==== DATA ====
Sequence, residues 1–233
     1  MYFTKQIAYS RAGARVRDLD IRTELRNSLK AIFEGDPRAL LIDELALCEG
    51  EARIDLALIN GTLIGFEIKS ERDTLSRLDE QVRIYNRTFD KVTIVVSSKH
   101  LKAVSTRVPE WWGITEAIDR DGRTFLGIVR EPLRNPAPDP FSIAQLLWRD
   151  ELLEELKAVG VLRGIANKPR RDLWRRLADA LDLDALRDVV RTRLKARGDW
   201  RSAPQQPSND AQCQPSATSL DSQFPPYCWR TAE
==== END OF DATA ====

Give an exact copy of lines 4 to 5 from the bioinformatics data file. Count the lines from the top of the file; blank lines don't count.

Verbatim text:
   101  LKAVSTRVPE WWGITEAIDR DGRTFLGIVR EPLRNPAPDP FSIAQLLWRD
   151  ELLEELKAVG VLRGIANKPR RDLWRRLADA LDLDALRDVV RTRLKARGDW